Kilnsea Wetlands Nature Reserve
Know before you go
Grazing animalsThe nature reserve is to be managed sustainably using local livestock.
Paths are unsurfaced.
Contact the Trust for disabled access information. Toilets are located in Kilnsea.
People using wheelchairs, powerchairs and mobility equipment can find more information about the reserve here, thanks to Accessible Nature
When to visit
Opening timesOpen at all times.
Best time to visitSummer
About the reserve
Kilnsea Wetlands is intended to provide refuge for passage and wintering roosting waders that leave the adjacent Humber mudflats at high tide to roost. Golden and grey plovers, knot, dunlin, sanderling and bar-tailed godwit should all benefit from this safe refuge. A variety of habitats will provide the conditions needed to support these birds, but this will take a number of years to reach its full potential. Freshwater and saline pools with islands and spits and wet grassland with seasonal scrapes will provide this site with roosting and feeding locations, but also hopefully he right conditions in the spring for breeding oystercatcher, ringed plover and lapwing.
Top Tip: A visit in autumn or winter will give you a chance to see large numbers of roosting waders which this site has been specifically designed for. Check the tides to coincide your visit with high tide and you’re likely to see greater numbers.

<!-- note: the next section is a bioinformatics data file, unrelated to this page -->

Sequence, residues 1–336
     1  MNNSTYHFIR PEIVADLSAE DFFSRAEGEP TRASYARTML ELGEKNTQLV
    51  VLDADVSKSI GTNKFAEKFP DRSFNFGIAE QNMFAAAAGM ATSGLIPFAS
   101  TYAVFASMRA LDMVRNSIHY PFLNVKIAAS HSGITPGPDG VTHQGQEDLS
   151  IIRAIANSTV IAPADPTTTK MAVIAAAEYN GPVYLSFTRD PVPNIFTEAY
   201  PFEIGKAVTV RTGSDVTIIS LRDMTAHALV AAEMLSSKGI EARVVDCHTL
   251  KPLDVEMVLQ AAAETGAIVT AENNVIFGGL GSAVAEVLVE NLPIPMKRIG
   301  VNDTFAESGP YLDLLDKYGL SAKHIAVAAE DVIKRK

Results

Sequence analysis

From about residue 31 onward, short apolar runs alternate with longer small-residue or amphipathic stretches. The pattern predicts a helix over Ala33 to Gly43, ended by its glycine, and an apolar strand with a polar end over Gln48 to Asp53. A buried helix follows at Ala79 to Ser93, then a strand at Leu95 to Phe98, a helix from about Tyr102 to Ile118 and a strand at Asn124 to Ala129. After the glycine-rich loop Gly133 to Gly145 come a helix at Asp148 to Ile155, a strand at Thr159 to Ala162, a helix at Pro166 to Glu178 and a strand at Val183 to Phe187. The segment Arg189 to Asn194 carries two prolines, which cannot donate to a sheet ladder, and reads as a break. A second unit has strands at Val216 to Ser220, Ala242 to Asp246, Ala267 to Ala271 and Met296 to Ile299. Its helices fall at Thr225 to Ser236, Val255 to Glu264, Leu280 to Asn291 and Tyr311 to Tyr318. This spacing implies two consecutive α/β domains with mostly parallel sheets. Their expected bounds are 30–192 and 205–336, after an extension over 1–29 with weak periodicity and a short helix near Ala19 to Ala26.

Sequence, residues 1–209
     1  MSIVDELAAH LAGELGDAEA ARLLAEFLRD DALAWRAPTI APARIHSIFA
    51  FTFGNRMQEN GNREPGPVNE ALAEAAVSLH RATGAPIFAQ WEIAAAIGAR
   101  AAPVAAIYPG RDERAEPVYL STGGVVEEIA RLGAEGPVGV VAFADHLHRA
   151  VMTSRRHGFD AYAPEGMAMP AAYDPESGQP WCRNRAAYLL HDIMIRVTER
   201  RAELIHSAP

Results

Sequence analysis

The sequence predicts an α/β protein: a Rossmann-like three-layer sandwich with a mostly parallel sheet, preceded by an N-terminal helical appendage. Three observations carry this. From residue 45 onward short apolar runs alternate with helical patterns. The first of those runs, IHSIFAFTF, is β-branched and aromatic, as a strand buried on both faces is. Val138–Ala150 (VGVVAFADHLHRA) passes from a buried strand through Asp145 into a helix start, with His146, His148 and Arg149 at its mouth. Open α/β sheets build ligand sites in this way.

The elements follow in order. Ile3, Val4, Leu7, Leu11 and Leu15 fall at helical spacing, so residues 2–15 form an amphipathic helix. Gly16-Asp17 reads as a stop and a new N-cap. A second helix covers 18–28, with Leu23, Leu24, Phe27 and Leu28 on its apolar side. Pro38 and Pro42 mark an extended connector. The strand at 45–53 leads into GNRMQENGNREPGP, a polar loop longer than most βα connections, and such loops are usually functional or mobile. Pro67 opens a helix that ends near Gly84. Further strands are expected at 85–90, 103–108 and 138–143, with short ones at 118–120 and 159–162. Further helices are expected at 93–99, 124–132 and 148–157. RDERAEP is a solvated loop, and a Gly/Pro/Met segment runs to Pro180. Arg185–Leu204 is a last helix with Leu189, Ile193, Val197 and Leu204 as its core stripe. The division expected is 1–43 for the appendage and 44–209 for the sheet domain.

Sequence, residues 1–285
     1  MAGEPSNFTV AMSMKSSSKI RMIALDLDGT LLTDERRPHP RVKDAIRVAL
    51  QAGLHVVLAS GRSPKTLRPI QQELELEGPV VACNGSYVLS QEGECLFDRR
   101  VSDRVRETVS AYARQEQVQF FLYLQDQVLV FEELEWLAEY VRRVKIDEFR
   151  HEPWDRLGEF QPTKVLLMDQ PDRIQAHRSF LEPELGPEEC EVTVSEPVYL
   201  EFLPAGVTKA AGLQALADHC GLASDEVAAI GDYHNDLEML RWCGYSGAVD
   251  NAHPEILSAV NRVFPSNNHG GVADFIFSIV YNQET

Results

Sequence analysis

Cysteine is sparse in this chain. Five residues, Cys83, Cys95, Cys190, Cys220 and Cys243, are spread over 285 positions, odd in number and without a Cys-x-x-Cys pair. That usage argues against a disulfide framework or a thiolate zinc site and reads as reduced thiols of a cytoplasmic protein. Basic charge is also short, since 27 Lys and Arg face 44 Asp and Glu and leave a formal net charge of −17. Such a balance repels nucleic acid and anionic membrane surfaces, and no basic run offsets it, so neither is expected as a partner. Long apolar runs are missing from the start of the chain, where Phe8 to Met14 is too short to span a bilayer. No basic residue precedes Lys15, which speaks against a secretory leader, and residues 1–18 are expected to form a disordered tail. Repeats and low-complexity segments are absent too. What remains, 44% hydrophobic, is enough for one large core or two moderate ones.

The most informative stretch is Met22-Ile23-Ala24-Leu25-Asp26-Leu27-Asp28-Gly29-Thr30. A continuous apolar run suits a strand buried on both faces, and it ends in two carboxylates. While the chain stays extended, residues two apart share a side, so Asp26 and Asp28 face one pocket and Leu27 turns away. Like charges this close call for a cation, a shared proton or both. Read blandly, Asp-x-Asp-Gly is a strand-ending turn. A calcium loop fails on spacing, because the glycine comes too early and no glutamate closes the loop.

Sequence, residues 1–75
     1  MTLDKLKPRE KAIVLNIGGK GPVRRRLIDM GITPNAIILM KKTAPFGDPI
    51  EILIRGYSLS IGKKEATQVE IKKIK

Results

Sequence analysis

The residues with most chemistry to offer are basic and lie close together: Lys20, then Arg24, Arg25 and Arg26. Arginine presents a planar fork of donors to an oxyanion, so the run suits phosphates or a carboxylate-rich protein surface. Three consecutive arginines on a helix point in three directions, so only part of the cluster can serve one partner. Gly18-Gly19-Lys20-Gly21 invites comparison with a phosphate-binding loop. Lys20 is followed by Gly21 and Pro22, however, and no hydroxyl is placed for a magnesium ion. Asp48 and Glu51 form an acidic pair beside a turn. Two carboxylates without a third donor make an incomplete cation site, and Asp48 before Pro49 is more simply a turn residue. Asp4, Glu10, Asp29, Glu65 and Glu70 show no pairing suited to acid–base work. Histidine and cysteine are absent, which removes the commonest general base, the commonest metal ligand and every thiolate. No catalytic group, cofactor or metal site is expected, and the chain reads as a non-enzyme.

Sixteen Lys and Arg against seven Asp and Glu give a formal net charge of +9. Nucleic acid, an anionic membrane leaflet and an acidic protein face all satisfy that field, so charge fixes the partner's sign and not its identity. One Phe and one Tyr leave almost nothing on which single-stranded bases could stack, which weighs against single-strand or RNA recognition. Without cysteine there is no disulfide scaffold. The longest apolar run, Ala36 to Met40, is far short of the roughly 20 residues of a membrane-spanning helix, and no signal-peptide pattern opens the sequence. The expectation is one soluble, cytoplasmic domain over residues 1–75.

Engineering is only the start of this process – the nature reserve is to be managed in a sustainable manner using local livestock. This location is one of the driest parts of the UK, and without the ability to bring water on to the site from surrounding areas, functionality of the habitat will rely very much on rainfall and groundwater levels. Farmland birds including corn bunting and tree sparrow may well use the nature reserve as it develops. In time the grassland should become established and we hope this will provide some botanical value and interest, in turn supporting a host of insects including dragonflies. Salt-tolerant plant species such as spiral tassel weed may well find a home here too. A hide, viewing screen, and off road parking, long with a footpath route through the nature reserve leading to Yorkshire Wildlife Trust’s Blue Bell Café in Kilnsea mean this site is ideal for a visit.
The reserve has two new hides and a screen where everyone can enjoy watching the wildlife.
Arriving by public transport
Arriving by car
Approach Kilnsea on Easington Road. The car park is on your left just after you go over the left hand bend which rises over Long Bank and before you reach Kilnsea village.